Evelyn Thain holds a Fine Arts Degree, Majoring in Environmental Art, as a graduate of York and Brock University. Her love of functional, renewable art brought her into the realm of pottery five years ago.
One pottery class turned into two–then three, then four–with Evelyn deciding to leave cubicle land to pursue her journey working with clay. As an instructor, she hopes her passion and joy for the craft is contagious for her students and encourages them to explore their curiosity and creativity.
What is your background and how did you get into the world of creating and teaching the art of pottery?
I graduated during the recession in 2009 and took a summer clerical position with the government working for an assistant deputy minister. It quickly turned into “the golden handcuffs” as I worked to pay off my student debt...think long hours, being on call.
I am a very hands-on person–I think I should have trained as a tradesperson–and what was originally a hobby in order to be more creative in 2014, turned into an opportunity to use my background and interest in environmental art. Clay can be recycled, it’s not wasteful to create with. At Hintonburg Pottery we don’t put clay down the drain, we do not waste water and leftover glaze is repurposed to create a ‘mystery glaze’.
When I came into the shop in the spring of 2018, I was in the midst of a bit of personal turmoil. I was going through a divorce, I had a new home and when I walked in, Ginger spoke with me about my background, experience and asked if I’d be interested in working part-time.
By that point, I had paid off my student debt, I had my own car, no kids, I felt privileged and like I could make the leap from corporate life into a more creative life.
How has you work and artistic style evolved over time?
I don’t like to use the very formal term of “artist”, I find Fine Art can be elitist but potters are relatable, down to earth and focused on functionality.
In the beginning, I was making things I liked for myself and everyone got a piece of pottery as a gift. My corporate coworkers started asking about the mugs and cups I used at work and over the past few years I started selling them.
I used to do more handbuilding than wheel work but teaching has improved my technique and I am learning from others.
Who are some of your key influences and what inspires you?
My very first pottery teacher has her own studio at Charleston Lake. She once told me a story about going to the bank and meeting with a lender who told her she wouldn’t make a living from her art. It started a fire in her to prove him wrong. I am still friends with her, she calls me her “clay baby”.
I like that Hintonburg Pottery does well as a business and encourages others to be creative. The culture is great and Ginger really mentors the instructors to be better and improve.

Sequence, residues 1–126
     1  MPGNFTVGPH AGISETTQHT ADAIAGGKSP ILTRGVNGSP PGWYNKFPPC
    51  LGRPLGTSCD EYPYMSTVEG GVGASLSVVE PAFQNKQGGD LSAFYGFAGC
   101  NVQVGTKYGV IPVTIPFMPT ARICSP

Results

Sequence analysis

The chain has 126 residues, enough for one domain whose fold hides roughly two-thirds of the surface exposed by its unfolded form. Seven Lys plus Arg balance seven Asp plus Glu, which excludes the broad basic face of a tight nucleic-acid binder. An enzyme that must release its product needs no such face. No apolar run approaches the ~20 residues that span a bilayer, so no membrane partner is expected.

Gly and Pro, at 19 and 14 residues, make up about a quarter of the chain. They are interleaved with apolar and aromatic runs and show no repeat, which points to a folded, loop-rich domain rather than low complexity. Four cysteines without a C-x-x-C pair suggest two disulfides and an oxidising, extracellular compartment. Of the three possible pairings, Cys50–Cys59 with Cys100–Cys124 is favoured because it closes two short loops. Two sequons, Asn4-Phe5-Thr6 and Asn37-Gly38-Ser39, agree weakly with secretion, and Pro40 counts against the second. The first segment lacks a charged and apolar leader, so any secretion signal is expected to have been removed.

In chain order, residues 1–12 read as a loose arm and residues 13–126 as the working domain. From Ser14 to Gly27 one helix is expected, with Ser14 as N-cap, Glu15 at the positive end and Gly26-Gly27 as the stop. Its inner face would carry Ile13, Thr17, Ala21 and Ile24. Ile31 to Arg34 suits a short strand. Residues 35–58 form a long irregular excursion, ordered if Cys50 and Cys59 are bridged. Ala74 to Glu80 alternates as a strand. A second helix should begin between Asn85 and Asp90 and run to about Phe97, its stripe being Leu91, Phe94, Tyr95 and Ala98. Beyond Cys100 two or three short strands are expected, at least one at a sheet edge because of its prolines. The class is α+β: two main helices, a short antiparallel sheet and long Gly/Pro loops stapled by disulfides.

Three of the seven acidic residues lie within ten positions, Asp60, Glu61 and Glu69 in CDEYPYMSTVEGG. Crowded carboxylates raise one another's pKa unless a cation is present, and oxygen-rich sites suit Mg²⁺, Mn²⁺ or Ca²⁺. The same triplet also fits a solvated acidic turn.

What is your style like as an instructor and what outcomes do you focus on?
I really like the aspect of teaching people. The education system often teaches you there is a right way to do things and a wrong way to do them. As a society, we sometimes demand perfection. I want my students to not be afraid of “doing it wrong” or doing it differently and to learn from their mistakes.
Clay has a way of humbling you. At any moment, you can have a bad throwing day and you have to respect the clay. Don’t come in with high expectations, you may not be able to make a pot after only one studio session. It’s the equivalent of taking one guitar lesson and thinking you can play a concert.
Teachers can push you further to try new things, so I encourage my students to be willing to take a risk and get out of their comfort zone. Weird is still cool in pottery, glaze can transform a piece and make it gorgeous.
I have lots of students who struggle with the making but the glaze forgives what they were focused on. We focus on fun over perfection in my classes.
What do you think makes Hintonburg Pottery so magical?
The sense of community. For example, most people don’t know this but Ginger offers free monthly lessons to a local women’s group, who can’t afford to take classes. There’s a sense of openness and everyone who works here is happy. It is a great space, everyone who comes in leaves happy.
Can you tell us something most people don’t know about you?
I used to be scared to take risks–like quitting a secure job with benefits to join a pottery studio–but now I am all about pushing my students to take more risks.
Upcoming workshops with Evelyn Thain
Join Evelyn on the afternoons of September 10th and 17th for handbuilding workshops where you can make your own lantern or mug!
These sessions are for all levels of experience, ages 14 and up. We provide all clay, tools and instruction in a warm and welcoming light-filled studio. Learn more and book your space online here or by calling 613-725-6909.